Published on Thursday, February 19, 1998
© 1998 The Arizona Republic
Byline: Barry Gilbert
Country: Country Artists Perform the Songs of the Rolling
Your Honor, if it please the court, we have before us the smoking gun, the piece de resistance, the enchilada grande in the argument that tribute albums should be prohibited.
It should be apparent that the Rolling Stones have done far more for country and blues than most of these country artists do here for the Rolling Stones.
Mick Jagger singing "Paint It Black" is one thing. But Tracy Lawrence? Puhleeze.
A tribute album should have a freshness, an attitude . . . a point! Dwight Yoakam on his "Under the Covers" album turns the Kinks' "Tired of Waiting" into a Holiday Inn lounge number. OK, it's gruesome, but he took a chance. Nobody took a chance here.
From the opening, note-for-note chords of "Honky Tonk Women" --
"I object! Your Honor, my name is Travis Tritt, and I juiced up the guitar and gave the lyrics my patented soulful, bluesy wail -- "
And you ended up with a mirror image, down to the cowbell. Just like Collin Raye did on "Brown Sugar." At least, on "Jumpin' Jack Flash," Rodney Crowell added some fiddle and other tweaks. But, Your Honor, listen to Deana Carter's "Ruby Tuesday." The same violins, the same
"Now I object! I sang it in my best little-girl voice, and it's different sung by a woman."
True, Ms. Carter, true. So you couldn't change the arrangement? Sammy Kershaw did, drenching "Angie" in fiddles and steel guitar and that wistful voice.
By the way, Your Honor, we are also asking that you issue an injunction ordering that this is "The Last Time" that the Tractors will be allowed to use that feedbacky-hey-we're-not-quite-ready-yet-intro gimmick.
"Your Honor, we're Blackhawk, and we did what the prosecutor seems to want. We reworked 'Wild Horses' as a bluegrass tune -- "
-- and it sounds like Blackhawk doing bluegrass, possibly the only time those two words will appear in the same sentence.
Oh, and "Beast of Burden" by Little Texas? Aren't they over?
(This work is not a total waste of fossil fuel. The final two tracks are by artists of unquestioned integrity: Nanci Griffith does a fine acoustic "No Expectations," and George Jones shows for "Time Is on My Side." It's loopy, but it's Jones. And both performances are interpretations.)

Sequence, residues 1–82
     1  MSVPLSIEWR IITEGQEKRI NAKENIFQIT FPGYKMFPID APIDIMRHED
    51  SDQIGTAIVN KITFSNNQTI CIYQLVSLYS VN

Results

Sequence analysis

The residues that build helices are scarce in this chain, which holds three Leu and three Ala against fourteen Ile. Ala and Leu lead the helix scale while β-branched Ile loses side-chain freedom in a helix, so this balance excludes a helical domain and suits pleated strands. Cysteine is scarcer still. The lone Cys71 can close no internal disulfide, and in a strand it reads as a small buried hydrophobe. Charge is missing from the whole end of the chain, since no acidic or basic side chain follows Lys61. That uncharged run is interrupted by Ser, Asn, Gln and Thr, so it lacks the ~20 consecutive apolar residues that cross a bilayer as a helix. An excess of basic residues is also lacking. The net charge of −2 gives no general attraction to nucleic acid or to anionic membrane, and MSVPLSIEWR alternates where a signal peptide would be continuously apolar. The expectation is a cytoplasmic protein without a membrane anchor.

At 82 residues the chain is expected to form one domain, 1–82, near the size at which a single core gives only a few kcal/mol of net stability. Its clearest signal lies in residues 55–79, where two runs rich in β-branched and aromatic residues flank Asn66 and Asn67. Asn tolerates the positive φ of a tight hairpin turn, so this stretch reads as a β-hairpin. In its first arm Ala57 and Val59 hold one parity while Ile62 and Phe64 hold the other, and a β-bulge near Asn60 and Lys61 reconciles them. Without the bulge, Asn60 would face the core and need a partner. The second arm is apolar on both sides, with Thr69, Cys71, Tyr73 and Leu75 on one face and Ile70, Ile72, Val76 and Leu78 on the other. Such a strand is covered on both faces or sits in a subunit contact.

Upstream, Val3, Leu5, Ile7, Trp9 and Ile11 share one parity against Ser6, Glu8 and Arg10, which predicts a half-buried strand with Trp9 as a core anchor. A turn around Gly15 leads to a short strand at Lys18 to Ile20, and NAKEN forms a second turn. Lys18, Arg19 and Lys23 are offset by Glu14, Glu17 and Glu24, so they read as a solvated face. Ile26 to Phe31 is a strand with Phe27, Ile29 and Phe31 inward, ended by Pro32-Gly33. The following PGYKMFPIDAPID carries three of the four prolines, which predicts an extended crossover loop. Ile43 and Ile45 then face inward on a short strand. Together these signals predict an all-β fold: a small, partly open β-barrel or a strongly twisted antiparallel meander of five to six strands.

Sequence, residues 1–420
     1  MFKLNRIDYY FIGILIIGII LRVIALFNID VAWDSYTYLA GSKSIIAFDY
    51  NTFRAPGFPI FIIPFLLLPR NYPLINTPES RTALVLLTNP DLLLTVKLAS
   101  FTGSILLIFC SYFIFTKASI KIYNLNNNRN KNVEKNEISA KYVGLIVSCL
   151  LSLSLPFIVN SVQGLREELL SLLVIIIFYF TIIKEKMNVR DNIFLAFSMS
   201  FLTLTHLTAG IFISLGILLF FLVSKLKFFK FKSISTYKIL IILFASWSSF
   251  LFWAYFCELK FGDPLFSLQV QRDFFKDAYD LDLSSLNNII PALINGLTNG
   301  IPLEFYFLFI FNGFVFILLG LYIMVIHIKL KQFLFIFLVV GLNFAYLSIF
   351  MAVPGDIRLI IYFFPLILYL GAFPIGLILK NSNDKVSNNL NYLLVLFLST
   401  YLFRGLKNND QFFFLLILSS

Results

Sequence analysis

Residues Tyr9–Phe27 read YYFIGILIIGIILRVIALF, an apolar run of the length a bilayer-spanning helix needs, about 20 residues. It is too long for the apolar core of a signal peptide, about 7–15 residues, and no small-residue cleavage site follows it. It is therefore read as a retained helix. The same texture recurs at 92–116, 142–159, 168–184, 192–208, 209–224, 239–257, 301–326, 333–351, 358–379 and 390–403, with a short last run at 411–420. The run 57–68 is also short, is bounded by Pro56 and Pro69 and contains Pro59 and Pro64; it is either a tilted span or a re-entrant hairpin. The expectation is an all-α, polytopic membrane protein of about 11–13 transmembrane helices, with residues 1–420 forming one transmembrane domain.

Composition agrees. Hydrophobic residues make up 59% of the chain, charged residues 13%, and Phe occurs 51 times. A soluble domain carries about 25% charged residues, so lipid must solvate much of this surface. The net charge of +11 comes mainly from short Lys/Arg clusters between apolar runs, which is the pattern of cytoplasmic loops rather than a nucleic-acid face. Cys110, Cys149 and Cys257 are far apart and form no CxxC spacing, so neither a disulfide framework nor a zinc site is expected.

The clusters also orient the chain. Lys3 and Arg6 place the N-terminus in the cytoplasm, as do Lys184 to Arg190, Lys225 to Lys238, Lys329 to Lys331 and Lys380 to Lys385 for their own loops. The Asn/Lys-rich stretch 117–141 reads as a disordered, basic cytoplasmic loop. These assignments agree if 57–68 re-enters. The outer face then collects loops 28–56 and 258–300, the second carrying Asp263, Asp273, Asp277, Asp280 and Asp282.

Your Honor, the prosecution isn't suggesting that these songs aren't well-played, well-sung or even well-intentioned.
It's just that, with the original
versions so readily available, there's no, well, reason.
The "loosest show on Earth," as David Crosby called it, was recorded in October 1971 at the Dorothy Chandler Music Center in Los Angeles during one of the early-but-often breakups of Crosby, Stills, Nash and Young.
Its bookmark in history comes after Stephen Stills' first two solo albums and the hit single "Love the One You're With"; after Neil Young's still-influential album "After the Gold Rush"; after Graham Nash's "Songs for Beginners"; and after Crosby's "If I Could Only Remember My Name" (oh, much too easy a target).
Which is to say, both Nash and Crosby were at the height of their vocal prowess. This concert is from the same tour that produced a celebrated bootleg vinyl LP, "A Very Stoney Evening."
"Another Stoney Evening" benefits from the CD era: crystal, transparent sound of two strong, confident (and even on-key) voices, two acoustic guitars and 15 great songs, from "Déjà vu" and "Wooden Ships" to "Immigration Man" and, of course, "Teach Your Children."
If you're not a fan of these guys in any of their many permutations, this CD won't convert you. If you are, or were, it will remind you of why you loved them in the first place.